I was at the MAU conference this year, discussing the topics of measurement and incrementality. How can you confidently tell whether the money you’re spending on marketing is bringing incremental customers or orders – those that wouldn’t have come anyway, without all your marketing hoopla?
Many marketers have chosen our profession because we love the creative aspect of our work. We worship the brilliant campaigns of our colleagues, those that are remembered years later. We are constantly looking for an authentic, culturally relevant angle that pulls on heartstrings and creates an emotional connection that transcends the cold, transactional nature of commerce.
For me, the one campaign that particularly stands out is the 2010 “Wear Your Seatbelt” campaign from Sussex Safer Roads, which aired in the United Kingdom. I still get misty-eyed every time I go back to it, and it certainly made me change my car-safety habits.
With the mission to connect with customers and prospects on a very human, emotional level, marketers often believe the finance group to be their “natural enemy.” How many times have you heard, or said, “They just don’t get it. Not everything that counts can be counted!” Or even, “These glorified accountants are trying to measure every little aspect of creative activity, driving short-termism and dooming the company to the sea of mediocrity!”Continue reading “Marketers, Your CFO Is Your Ally, Not Your Enemy”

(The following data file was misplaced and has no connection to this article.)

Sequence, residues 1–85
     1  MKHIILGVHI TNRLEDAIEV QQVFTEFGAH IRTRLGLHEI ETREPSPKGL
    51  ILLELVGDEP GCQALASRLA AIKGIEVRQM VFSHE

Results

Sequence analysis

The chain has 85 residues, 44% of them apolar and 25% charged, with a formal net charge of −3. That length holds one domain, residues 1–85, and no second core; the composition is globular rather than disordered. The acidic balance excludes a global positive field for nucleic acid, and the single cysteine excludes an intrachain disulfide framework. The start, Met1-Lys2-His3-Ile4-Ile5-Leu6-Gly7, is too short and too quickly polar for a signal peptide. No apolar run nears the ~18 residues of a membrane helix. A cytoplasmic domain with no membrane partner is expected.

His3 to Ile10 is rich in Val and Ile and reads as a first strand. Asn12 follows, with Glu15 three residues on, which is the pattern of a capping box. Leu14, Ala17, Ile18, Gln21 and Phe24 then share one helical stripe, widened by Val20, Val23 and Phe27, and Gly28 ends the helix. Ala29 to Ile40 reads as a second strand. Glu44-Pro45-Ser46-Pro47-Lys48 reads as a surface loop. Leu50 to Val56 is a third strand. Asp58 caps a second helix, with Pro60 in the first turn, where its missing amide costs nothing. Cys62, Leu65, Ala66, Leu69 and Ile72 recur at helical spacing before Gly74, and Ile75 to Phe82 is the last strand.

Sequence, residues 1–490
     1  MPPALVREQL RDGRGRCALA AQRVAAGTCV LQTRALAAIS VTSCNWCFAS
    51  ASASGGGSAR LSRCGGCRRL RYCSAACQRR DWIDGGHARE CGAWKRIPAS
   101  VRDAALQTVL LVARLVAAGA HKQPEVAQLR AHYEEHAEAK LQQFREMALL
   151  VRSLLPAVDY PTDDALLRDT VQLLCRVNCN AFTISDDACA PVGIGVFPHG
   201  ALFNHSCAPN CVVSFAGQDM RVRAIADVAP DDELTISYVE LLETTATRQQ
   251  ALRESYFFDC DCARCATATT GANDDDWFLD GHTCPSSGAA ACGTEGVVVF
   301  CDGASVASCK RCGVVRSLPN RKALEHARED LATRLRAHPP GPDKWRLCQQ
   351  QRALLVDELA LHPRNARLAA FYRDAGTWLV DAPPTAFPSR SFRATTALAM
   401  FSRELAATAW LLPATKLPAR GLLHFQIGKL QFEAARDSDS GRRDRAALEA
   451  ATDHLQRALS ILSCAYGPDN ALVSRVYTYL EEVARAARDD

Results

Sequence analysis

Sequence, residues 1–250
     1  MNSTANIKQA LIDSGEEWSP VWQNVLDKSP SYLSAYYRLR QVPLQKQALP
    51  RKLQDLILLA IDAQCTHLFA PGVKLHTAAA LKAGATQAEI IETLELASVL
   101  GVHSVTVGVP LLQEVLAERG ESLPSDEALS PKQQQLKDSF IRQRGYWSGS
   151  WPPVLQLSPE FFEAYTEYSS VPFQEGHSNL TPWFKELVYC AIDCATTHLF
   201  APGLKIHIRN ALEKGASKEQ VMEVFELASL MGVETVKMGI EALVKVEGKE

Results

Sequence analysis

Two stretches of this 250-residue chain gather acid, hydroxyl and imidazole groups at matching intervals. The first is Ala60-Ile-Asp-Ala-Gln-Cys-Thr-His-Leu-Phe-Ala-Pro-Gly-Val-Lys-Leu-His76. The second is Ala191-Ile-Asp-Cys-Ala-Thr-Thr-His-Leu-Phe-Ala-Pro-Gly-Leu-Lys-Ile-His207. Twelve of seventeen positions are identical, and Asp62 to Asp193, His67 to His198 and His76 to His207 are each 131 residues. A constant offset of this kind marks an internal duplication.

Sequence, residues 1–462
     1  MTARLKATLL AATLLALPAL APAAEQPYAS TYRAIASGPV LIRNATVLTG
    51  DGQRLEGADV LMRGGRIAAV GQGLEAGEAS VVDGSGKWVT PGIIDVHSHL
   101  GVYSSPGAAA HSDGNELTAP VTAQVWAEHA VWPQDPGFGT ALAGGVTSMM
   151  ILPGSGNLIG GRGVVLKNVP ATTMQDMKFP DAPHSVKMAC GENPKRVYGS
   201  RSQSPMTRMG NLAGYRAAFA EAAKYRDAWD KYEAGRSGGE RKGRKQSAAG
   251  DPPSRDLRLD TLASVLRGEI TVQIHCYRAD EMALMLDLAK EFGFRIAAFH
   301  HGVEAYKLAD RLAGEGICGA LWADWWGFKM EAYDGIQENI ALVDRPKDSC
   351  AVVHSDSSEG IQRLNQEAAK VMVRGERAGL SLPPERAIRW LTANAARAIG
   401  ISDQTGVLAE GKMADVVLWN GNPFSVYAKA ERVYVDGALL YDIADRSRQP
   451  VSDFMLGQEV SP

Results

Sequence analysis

As product designers and marketers, we love the clarity that comes from A/B testing. We have an idea; we implement it; then, we let the customers decide whether it’s good or not by running a controlled experiment. We split the users into unbiased groups and watch one treatment overtake the other in a statistically significant, unbiased sample.
Thoroughly impressed by our own analytical rigor, we then scale up the winning treatment and move on. You guessed it: I’m about to poke holes in one of the most sacred practices in tech, A/B testing.Continue reading “The Dark Side of A/B Testing – Avoiding the Pitfalls”